Community building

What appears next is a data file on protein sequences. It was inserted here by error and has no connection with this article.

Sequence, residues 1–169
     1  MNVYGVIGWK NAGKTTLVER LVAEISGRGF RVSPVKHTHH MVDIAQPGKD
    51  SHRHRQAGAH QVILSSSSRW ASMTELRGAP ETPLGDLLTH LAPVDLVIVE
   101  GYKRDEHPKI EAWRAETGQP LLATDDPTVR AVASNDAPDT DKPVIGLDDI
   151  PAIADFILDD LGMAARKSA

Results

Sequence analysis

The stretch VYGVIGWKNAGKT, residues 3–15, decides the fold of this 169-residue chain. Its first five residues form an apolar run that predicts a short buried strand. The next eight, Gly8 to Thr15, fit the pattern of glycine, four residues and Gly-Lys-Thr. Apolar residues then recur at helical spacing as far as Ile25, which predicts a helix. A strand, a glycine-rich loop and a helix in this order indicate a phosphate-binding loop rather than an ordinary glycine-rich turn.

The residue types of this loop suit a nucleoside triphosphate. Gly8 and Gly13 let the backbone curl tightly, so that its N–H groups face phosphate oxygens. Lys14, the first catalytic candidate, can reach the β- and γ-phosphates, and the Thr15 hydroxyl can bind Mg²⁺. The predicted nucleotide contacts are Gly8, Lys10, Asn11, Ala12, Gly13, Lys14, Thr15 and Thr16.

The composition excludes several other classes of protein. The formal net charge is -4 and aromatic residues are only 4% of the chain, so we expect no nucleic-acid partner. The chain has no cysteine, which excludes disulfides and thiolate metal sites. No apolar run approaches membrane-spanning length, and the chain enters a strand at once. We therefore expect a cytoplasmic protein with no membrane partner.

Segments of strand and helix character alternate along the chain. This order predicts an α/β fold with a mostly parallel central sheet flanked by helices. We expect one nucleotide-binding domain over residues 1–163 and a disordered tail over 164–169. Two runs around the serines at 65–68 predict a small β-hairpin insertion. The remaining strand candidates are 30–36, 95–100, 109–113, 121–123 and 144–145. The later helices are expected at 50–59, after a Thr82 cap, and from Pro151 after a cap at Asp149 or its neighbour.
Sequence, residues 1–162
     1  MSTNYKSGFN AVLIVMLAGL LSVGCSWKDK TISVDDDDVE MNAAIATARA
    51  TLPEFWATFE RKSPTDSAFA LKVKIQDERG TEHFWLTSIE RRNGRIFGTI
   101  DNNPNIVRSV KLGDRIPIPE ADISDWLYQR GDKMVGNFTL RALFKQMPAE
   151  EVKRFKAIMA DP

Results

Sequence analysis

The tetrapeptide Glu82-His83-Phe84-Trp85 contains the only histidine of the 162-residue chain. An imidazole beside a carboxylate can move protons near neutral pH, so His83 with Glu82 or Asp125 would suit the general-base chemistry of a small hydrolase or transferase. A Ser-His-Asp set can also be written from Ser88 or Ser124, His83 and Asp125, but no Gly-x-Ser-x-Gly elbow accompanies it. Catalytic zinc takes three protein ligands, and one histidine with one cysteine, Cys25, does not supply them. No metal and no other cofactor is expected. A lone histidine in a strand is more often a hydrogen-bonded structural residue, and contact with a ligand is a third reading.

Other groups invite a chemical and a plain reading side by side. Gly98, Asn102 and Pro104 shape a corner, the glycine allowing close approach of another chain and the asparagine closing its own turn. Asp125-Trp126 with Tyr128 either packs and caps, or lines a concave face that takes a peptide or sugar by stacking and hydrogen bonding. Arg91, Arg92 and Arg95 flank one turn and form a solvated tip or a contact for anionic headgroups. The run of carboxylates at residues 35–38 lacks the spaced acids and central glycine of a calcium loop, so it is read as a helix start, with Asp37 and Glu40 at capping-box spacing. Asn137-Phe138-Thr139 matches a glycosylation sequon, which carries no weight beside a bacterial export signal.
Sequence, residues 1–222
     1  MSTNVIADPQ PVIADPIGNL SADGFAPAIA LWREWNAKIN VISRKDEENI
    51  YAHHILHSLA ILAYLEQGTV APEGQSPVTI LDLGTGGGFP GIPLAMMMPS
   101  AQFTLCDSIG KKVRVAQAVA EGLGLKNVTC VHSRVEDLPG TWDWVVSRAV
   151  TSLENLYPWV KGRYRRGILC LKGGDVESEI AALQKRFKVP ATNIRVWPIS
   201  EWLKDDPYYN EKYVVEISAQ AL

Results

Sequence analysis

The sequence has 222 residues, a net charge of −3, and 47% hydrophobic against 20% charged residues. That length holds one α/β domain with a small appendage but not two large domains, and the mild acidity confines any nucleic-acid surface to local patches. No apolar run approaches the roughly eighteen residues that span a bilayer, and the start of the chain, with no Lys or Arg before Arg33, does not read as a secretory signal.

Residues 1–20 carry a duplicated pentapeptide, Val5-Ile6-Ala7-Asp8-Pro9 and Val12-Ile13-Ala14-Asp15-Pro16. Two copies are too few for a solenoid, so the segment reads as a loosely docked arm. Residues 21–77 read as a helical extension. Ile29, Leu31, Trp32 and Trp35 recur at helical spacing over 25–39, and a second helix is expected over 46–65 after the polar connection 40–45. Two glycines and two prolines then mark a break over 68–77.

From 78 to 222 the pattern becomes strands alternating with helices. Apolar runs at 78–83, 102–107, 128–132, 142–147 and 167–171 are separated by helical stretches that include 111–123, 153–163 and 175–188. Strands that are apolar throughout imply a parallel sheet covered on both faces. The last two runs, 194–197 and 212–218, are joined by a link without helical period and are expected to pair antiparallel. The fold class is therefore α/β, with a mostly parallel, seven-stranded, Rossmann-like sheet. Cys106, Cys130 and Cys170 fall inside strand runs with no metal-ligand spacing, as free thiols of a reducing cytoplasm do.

The university is a community of scholars. My background in community studies reminds me that this cannot be taken for granted, however. Even those who have been affiliated with a university for many years may have a hard time responding to questions such as those in the Great Colleges to Work For surveys. For those new to an academic career at the university, life can be overwhelming and personal and family sacrifices are not uncommon in order to meet the demands of teaching, research, and service while on the tenure track. A sense of community may also be prevented by such a culture as working in silos and complicated by such a reality as distances between campuses. On the other hand, information technology has created a new universe, i.e., the second or virtual world, which gives rise to a new type of online community. The virtual world, however, can be as wild as the real one, and the information can be overwhelming even within the tight structure of a university. I tend to put myself in faculty’s shoes and my recent experience transitioning to Pace helped me to appreciate all the potential difficulties. It’s easy to find things by checking the website index, though you need to know something exists and can spell the name in the first place. For the numerous unknown things, they may remain mystery for a long time, only for one to regret later not taking advantage sooner. I’m not a tech dummy and have been fortunate finding things out through various meetings and connections, but I have to admit that there are still a lot of things out there that I’ve not learned. Is it possible to shorten such a learning curve for all in the scholarly community, particularly new faculty, in terms of the information and resources they need most to survive the challenges and succeed in their pursuit? Borrowing the idea of a “one stop” service for students, I got a group together with the strong support of our CIO to brainstorm how we may compile in one place resources useful for teaching, research, and service while providing a professional social space for faculty as scholars through forums and blogs by eliminating the distances between campuses. The project, called Pace University Academic Commons (or Faculty or Scholars’ Commons) is a collaborative effort of ITS, CTLT, Library, University and College/School communication specialists, and faculty. Such a cyberspace is currently being created by a team led by Joe Seijo at CTLT. The plan is to construct, with faculty guidance, a robust yet user-friendly site, also for faculty to foster collaboration and interaction with their peers of diverse backgrounds in a desirable virtual environment. The team has recently decided to switch from WordPress platform to Microsoft SharePoint and the latest work has not yet been made public. However, I invite faculty colleagues to take a look at the template at the old site http://academiccommons.pace.edu and let us know what you think. The team needs your guidance, and your suggestions will be greatly appreciated by all!

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